This work is the joint effort of Owen Jones, professor of law and of biology, and Rene Marois, a neuroscientist and associate professor of psychology. Together with neuroscience graduate student Joshua Buckholtz, they scanned the brains of subjects with a highly sensitive technique called functional magnetic resonance imaging or fMRI. Their goal was to see how the brain was activated when a person judged whether or not someone should be punished for a harmful act and how severely the individual should be punished.

During the study, the participant inside the fMRI scanner read scenarios on a computer screen, each describing a person committing an arguably criminal act that varied in harmfulness. With every scenario that appeared, the participant determined how severely to punish the scenario's protagonist on a scale of 0 (no punishment) to nine (extreme punishment). Sometimes there were extenuating circumstances or background information about why the person acted as he did. Was he coerced? Did he feel threatened? Was he mentally ill?

'We were looking for brain activity reflecting how people reason about the differences in the scenarios,' said Jones.

The researchers found that activity in an analytic part of the brain, known as the right dorsolateral prefrontal cortex, tracked the decision of whether or not a person deserved to be punished but, intriguingly, appeared relatively insensitive to deciding how much to punish. By contrast, the activity in brain regions involved in processing emotions, such as the amygdala, tracked how much subjects decided to punish.

'These results raise the possibility that emotional responses to criminal acts may represent a gauge for assessing deserved punishment,' said Marois.

'There are long-running debates about the proper roles in law of 'cold' analysis and 'hot' emotion,' said Jones. 'Our results suggest that, in normal punishment decisions, the distinct neural circuitries of both processes may be jointly involved, but separately deployed.'

Another intriguing result of the study was that the part of the brain that third-party subjects used to determine guilt in this study was the same brain area that has previously been found to be involved in punishing unfair economic behaviour in two-party interactions.

'The convergence of findings between second-party and third-party punishment studies suggests that impartial legal decision-making may not be fundamentally different from the reasoning used in deciding to punish those who have harmed us personally,' said Marois.

The full study titled 'The Neural Correlates of Third-Party Punishment' can be found in the latest issue of the science journal Neuron out 11 December.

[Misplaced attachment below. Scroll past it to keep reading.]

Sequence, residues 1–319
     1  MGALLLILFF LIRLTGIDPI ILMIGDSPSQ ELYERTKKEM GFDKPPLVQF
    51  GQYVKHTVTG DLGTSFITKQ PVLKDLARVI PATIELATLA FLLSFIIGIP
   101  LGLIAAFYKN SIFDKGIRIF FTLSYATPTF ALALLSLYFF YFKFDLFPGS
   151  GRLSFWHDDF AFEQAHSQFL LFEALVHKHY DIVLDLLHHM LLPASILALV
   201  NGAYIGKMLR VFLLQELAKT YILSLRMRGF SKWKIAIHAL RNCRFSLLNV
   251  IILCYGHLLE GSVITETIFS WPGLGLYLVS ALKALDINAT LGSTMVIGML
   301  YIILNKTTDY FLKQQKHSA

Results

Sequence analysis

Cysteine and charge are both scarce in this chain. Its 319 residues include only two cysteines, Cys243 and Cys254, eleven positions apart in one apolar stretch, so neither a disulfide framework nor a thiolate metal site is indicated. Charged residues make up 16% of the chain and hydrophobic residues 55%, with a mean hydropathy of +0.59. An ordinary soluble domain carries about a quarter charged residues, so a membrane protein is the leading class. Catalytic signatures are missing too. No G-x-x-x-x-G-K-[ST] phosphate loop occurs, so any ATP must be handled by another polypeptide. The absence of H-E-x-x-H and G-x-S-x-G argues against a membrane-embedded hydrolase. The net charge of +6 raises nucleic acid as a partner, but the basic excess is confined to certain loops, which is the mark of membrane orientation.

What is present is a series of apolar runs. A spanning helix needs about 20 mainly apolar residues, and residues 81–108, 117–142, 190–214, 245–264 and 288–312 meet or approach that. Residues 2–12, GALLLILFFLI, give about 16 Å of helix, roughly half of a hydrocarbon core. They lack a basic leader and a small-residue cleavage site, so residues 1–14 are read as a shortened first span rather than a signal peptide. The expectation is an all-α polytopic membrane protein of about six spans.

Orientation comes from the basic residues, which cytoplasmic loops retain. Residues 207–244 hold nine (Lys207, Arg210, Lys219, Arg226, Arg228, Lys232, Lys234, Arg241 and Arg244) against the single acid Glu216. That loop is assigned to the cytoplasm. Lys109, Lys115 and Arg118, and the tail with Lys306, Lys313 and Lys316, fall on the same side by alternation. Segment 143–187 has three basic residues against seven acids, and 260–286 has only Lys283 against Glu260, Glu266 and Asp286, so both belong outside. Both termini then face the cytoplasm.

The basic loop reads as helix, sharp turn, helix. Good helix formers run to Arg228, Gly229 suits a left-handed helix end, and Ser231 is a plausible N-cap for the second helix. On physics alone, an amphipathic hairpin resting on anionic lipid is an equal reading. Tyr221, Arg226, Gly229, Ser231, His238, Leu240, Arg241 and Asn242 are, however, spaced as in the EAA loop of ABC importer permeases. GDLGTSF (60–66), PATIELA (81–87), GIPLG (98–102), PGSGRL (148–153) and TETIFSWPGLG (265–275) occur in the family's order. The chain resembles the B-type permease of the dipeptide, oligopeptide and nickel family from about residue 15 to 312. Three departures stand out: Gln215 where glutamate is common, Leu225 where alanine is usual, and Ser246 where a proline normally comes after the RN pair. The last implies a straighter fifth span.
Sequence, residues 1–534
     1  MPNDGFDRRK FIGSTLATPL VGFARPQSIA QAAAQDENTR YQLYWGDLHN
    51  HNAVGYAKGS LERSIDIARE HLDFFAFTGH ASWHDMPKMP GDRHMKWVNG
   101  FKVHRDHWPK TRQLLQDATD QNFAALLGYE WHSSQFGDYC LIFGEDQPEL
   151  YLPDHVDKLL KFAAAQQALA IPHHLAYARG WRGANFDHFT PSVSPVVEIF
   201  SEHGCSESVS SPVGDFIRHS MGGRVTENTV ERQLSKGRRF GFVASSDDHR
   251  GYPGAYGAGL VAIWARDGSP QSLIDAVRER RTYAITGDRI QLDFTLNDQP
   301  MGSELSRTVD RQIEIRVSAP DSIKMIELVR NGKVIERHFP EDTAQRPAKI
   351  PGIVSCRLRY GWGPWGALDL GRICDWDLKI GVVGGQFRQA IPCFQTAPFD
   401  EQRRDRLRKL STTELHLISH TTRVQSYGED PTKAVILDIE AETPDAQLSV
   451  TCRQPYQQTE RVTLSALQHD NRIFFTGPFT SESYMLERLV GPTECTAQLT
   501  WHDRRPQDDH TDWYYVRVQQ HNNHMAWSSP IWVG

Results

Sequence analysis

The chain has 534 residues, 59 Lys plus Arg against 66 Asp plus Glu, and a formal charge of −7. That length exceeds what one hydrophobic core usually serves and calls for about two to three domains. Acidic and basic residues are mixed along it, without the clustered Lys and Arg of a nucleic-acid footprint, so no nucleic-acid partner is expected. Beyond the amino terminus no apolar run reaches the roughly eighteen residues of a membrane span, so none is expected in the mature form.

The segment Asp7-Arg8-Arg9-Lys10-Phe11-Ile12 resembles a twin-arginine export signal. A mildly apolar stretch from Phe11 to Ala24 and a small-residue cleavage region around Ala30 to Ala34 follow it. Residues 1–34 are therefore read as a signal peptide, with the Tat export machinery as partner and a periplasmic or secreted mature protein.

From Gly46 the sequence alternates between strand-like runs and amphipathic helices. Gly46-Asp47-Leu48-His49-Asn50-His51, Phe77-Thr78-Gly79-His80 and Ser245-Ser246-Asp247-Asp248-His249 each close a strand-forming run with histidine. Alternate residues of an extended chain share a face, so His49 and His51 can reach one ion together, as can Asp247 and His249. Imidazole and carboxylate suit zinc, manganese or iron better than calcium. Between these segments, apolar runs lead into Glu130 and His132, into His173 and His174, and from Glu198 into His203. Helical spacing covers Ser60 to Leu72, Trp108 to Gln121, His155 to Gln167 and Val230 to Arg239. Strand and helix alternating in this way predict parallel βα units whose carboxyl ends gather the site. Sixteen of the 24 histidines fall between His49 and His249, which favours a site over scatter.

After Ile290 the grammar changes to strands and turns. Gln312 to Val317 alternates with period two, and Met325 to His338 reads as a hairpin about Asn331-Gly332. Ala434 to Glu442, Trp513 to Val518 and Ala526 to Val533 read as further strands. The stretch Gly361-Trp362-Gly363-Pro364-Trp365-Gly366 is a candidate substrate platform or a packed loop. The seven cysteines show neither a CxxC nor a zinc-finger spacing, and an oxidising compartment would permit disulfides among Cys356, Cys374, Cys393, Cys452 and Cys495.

Source: Vanderbilt University


Leave a comment
The details you provide on this page [e-mail address] will not be used to send unsolicited e-mail, and will not be supplied to a third party! Please note that we can not promise to give everyone a response. Comments are fully moderated. Once approved they will be posted within 24 hours.
Expand the form to leave a comment

RSS FEEDS, NEWSLETTER
Find the topic you want. Science Centric offers several RSS feeds for the News section.

Or subscribe for our Newsletter, a free e-mail publication. It is published practically every day.

Digging deep into the genetics of schizophrenia by evaluating microRNAsDigging deep into the genetics of schizophrenia by evaluating microRNAs

— Researchers at Columbia University Medical Centre have illuminated a window into how abnormalities in microRNAs, a family of molecules that regulate expression of…

Ugandan monkeys harbour evidence of infection with unknown poxvirusUgandan monkeys harbour evidence of infection with unknown poxvirus

— Researchers report this month that red colobus monkeys in a park in western Uganda have been exposed to an unknown orthopoxvirus, a pathogen related to the viruses…

Research may lead to improved hearing for someResearch may lead to improved hearing for some

— Electric-acoustic stimulation research by an Arizona State University professor could help discover important acoustic cues used to improve the hearing of certain…

Novel method of measuring insulin promises improvements in diabetes treatmentNovel method of measuring insulin promises improvements in diabetes treatment

— A new method that uses nanotechnology to rapidly measure minute amounts of insulin is a major step toward developing the ability to assess the health of the body's…

Popular tags in Health: cancer · diabetes · malaria · obesity